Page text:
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On the beach by Nevil Shute

On the beach (original 1957; edition 1966)

by Nevil Shute

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3,142951,785 (3.84)236
Title:On the beach
Authors:Nevil Shute
Info:Pan Books (1966), Mass Market Paperback
Collections:Your library, Read, Second-hand, Storage
Tags:Fiction, Science Fiction & Fantasy, Science Fiction, Australian Fiction, Setting Australia

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On the Beach by Nevil Shute (1957)

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Showing 1-5 of 91 (next | show all)
It is the 1960s (the book was written in 1957) in Australia. The “short war” was just over a month long. The result of that war: radiation all over the northern hemisphere that has killed everyone. That radiation is making its way south to envelope the planet.

It was good. Most of the book, I'd actually rate “ok”, but the end really picked up, I thought, as the characters knew the end was coming. What would you do with the last months, weeks, and days of your life? I didn't like two of the main characters: Dwight and Moira. Well, I didn't mind Dwight as much, but I really didn't like Moira, so I wasn't nearly as interested in them. I liked Peter, Mary and Jennifer much more. But, there seemed to be more focus on Dwight and Moira, unfortunately for me. The ending upped my rating just a touch, though. ( )
  LibraryCin | Mar 31, 2015 |
I found it incredibly unbelievable. I just don't believe that society wouldn't completely fall apart, much like the Mad Max franchise. The prose was awful, telling instead of showing, stilted dialogue. I have to wonder if this wasn't more propaganda to get people used to the idea that a nuclear war wouldn't be so bad, if one wasn't in the direct line of fire. ( )
  encephalical | Mar 24, 2015 |
What do you do when the end of the world is silently approaching? A group of Australians know the end is coming to Melbourne, but keep living life. The northern hemisphere was destroyed by a nuclear war between all of the nuclear powers: US, UK, China and Russia. The resulting radiation is slowly moving south to cover the rest of planet.

The book is dated and feels old. But it does not pretend to be anything but the late 1950s with the technology available then. There are no cell phones, no internet, no international calls. News travels slowly, just as the toxic radiation is moving slowly southward.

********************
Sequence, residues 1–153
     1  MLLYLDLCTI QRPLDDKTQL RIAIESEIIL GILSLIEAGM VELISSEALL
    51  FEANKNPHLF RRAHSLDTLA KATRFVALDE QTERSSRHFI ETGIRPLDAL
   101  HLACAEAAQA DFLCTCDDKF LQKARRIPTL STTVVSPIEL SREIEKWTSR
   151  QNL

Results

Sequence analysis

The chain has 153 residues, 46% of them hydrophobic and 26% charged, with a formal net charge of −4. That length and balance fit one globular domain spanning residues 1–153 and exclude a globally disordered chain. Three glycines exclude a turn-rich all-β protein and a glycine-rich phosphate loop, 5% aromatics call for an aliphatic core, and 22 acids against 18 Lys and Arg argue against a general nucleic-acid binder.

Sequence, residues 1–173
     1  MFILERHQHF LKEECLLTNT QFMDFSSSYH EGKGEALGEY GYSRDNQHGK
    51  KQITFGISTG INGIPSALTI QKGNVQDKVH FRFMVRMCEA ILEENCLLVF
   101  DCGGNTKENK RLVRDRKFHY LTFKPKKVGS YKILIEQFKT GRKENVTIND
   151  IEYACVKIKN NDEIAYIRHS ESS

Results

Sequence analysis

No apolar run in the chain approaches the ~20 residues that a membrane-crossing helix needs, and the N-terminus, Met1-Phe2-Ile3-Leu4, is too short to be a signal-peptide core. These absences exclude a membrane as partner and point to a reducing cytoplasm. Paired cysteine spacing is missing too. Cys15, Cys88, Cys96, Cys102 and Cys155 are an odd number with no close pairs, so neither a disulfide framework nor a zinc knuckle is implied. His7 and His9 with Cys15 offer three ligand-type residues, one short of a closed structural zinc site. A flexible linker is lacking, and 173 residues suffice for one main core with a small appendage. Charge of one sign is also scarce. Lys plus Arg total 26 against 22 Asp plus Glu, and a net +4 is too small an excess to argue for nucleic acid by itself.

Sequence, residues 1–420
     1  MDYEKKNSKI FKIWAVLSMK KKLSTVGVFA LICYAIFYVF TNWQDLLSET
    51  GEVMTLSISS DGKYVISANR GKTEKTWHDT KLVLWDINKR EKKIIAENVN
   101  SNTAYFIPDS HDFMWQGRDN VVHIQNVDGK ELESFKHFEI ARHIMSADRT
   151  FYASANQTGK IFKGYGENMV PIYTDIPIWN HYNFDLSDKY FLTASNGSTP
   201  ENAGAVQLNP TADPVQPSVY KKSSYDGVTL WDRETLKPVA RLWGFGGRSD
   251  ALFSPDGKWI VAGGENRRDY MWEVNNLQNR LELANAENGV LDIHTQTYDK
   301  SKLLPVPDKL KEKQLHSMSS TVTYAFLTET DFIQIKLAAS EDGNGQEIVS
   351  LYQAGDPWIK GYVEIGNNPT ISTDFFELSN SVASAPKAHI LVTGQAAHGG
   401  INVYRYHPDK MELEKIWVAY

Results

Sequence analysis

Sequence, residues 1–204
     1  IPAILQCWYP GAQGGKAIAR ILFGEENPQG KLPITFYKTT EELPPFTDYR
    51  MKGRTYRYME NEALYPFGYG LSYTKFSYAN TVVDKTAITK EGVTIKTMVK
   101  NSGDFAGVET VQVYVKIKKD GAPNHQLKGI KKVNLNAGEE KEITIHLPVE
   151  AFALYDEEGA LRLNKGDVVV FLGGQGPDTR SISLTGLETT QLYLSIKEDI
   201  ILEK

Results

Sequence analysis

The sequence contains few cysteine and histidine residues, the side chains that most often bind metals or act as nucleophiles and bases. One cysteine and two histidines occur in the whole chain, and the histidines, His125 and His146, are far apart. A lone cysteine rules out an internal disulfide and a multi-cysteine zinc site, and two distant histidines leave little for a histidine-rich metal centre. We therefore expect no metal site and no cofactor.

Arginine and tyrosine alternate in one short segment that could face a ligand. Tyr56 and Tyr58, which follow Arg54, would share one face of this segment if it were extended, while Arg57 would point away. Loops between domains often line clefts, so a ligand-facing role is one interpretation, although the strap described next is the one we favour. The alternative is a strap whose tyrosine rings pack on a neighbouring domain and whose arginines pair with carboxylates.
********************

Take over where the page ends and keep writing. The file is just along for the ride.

Maybe there is some hope.... ( )
  dougcornelius | Mar 14, 2015 |
On the Beach by Nevil Shute tells the story of the last month’s in the lives of the last people on earth, and although slightly dated, still makes chills run up and down my spine. Nuclear war has come and gone, there is no one left alive in the earth’s northern hemisphere and clouds of radiation are slowing flowing south.

From the very beginning of the book, the people know that their time is limited, the story starts on January 27th and they know that the end will come sometime by the end of August or early September. We follow a small assortment of people living in and around Melbourne, Australia, through these end times and see them live out their time with dignity and honor. There are times when one or another gets a little shaky, but overall I was very moved by how they handled what was coming, of course the war was a year or so in the past so they had had time to work through their feelings of disbelief and anger. Slowly the cities of the southern hemisphere are blacked out by radiation poisoning and eventually the sickness arrives and the last surviving people on earth ready themselves for the end.

In Nevil Shute’s On the Beach, the world ends with a whimper not a bang, but this was nevertheless a shocking and terrifying read. I can imagine that this book had a powerful impact when it was released in the early 1960’s during the Cold War and the Cuban Missile Crisis and such a future seemed possible. The author’s vision of a kinder, gentler end of life struck a cord with me, but sadly, I fear that people in today’s world of terrorism, religious intolerance and partisan politics would not go with so quietly or with such nobility. ( )
7 vote DeltaQueen50 | Feb 6, 2015 |
It’s a long time since I last read this book and I’m afraid it’s dated quite a bit and I found it even more unappealing this time round. I think its traction is the idea behind the book, the idea of people waiting with the certain knowledge that before long they’ll be dying of radiation just as everyone in the northern hemisphere has. This foundation for the novel naturally has some sort of macabre appeal to us all with the possibility of a nuclear war still very much there, not to mention the growing certainty that we are destroying ourselves through our inability to take the necessary measures to combat climate change.